mcglothlin.13

Love these posts that track down older books. Definitely looks interesting. Any recommendations on the web where I can find good condition fair-priced older paperbacks like this? I usually have to hunt them down through amazon or bookfinder.com.

My only exposure to Shea is from another excellent horror short story: “Fat Face”. Very good Lovecraftian-ish tale. The only other place I’ve run into Shea is he did the intro to one of Laird Barron’s collections.

[…] still reading the books I picked up over the weekend — including Michael Shea’s Nifft the Lean, and Karen Heuler’s fascinating collection The Inner City. Heck, I haven’t even […]

[…] Vintage Treasures: Nifft the Lean by Michael Shea […]

[…] next time I ran across Mr. Shea was in 1982, with his World Fantasy Award winning novel Nifft the Lean. Nifft is another fine reading experience. Mr. Shea has also authored two of my favourite […]

[…] Shea is the World Fantasy Award-winning author of A Quest for Simbilis, The Color Out Of Time, Nifft the Lean, In Yana, The Extra, and the new Assault on Sunrise, among other novels. His collections […]

[…] years later, Michael published one of the most important works of modern sword and sorcery: Nifft the Lean, a collection of four linked novellas published in paperback by DAW in 1982. It won the World […]

[…] leaving behind a legacy of underappreciated novels. We started with his Sword & Sorcery classic Nifft the Lean (1983), and his dark fantasy In Yana, the Touch of Undying […]

[…] very different direction. But I still admit a greater fascination with his Nifft the Lean novels,  Nifft the Lean, (1982), The Mines of Behemoth (1997), and The A’rak (2000). Baen Books published the […]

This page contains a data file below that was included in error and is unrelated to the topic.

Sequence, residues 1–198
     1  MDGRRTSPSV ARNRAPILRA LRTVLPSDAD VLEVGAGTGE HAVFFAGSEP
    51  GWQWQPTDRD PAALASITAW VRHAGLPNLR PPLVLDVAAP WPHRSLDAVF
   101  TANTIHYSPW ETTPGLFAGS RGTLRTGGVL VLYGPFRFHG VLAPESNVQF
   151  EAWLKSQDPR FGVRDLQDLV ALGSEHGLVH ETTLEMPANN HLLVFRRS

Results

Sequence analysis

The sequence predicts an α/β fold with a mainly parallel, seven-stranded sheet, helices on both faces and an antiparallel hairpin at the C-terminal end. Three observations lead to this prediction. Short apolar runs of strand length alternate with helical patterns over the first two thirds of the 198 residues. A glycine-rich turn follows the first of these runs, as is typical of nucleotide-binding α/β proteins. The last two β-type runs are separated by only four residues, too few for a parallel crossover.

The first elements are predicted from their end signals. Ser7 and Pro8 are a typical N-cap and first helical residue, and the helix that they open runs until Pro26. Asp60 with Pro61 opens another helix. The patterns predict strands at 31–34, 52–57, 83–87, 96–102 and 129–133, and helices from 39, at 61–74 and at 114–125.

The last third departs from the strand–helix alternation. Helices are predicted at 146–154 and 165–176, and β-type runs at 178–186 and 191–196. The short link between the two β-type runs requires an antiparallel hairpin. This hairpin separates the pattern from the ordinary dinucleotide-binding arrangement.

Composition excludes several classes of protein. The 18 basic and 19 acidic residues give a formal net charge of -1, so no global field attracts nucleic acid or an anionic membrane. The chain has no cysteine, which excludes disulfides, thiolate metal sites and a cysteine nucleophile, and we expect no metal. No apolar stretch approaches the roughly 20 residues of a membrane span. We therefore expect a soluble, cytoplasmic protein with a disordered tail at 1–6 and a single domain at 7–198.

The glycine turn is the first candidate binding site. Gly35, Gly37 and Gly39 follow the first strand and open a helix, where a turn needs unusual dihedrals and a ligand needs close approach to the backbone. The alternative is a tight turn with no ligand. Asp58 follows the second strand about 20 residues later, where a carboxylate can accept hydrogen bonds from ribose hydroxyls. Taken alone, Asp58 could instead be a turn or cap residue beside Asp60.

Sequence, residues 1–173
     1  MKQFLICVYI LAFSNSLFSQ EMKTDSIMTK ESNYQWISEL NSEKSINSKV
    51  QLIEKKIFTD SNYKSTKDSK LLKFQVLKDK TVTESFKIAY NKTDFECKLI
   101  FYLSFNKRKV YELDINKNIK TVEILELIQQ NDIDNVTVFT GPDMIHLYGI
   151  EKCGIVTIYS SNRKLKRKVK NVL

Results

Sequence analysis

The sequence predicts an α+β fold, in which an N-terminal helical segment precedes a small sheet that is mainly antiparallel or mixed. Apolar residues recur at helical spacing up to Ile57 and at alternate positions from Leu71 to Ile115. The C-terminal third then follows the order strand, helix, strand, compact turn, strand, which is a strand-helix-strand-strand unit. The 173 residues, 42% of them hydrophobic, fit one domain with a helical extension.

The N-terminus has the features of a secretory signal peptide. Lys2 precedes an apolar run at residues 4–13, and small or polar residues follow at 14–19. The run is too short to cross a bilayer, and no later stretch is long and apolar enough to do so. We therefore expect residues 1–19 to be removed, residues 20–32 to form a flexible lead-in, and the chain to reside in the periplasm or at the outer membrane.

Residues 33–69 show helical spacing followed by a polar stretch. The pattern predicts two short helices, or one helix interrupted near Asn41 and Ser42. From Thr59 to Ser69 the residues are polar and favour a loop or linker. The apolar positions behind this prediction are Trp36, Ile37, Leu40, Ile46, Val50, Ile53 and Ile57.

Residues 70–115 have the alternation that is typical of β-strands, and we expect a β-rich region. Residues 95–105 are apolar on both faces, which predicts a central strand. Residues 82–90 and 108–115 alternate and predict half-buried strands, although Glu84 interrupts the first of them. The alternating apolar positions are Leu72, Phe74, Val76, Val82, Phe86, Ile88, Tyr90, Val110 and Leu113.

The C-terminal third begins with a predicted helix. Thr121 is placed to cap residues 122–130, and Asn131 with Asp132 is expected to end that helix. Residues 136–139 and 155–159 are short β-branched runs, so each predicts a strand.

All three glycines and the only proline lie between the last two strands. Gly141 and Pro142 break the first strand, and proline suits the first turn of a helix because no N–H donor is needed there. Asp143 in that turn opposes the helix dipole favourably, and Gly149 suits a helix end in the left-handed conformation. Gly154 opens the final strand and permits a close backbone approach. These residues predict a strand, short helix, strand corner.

[…] Nifft the Lean (1982) The Color Out Of Time (1984) In Yana, the Touch of Undying (1985) The Mines of Behemoth (1997) The Extra (2010) Assault on Sunrise (2013) […]

[…] Nifft the Lean (1982) The Color Out Of Time (1984) In Yana, the Touch of Undying (1985) The Mines of Behemoth (1997) The A’rak (2000) The Extra (2010) Assault on Sunrise (2013) […]

[…] Nifft the Lean (1982) The Color Out Of Time (1984) In Yana, the Touch of Undying (1985) The Mines of Behemoth (1997) The A’rak (2000) The Extra (2010) Assault on Sunrise (2013) […]

[…] Nifft the Lean (1982) The Color Out Of Time (1984) In Yana, the Touch of Undying (1985) The Mines of Behemoth (1997) The Incompleat Nifft (2000) The A’rak (2000) The Extra (2010) Assault on Sunrise (2013) […]

[…] Nifft the Lean (1982) The Color Out Of Time (1984) In Yana, the Touch of Undying (1985) The Mines of Behemoth (1997) The Incompleat Nifft (2000) The A’rak (2000) The Extra (2010) Assault on Sunrise (2013) […]

[…] Nifft the Lean (1982) The Color Out Of Time (1984) In Yana, the Touch of Undying (1985) The Mines of Behemoth (1997) The Incompleat Nifft (2000) The A’rak (2000) The Extra (2010) Assault on Sunrise (2013) […]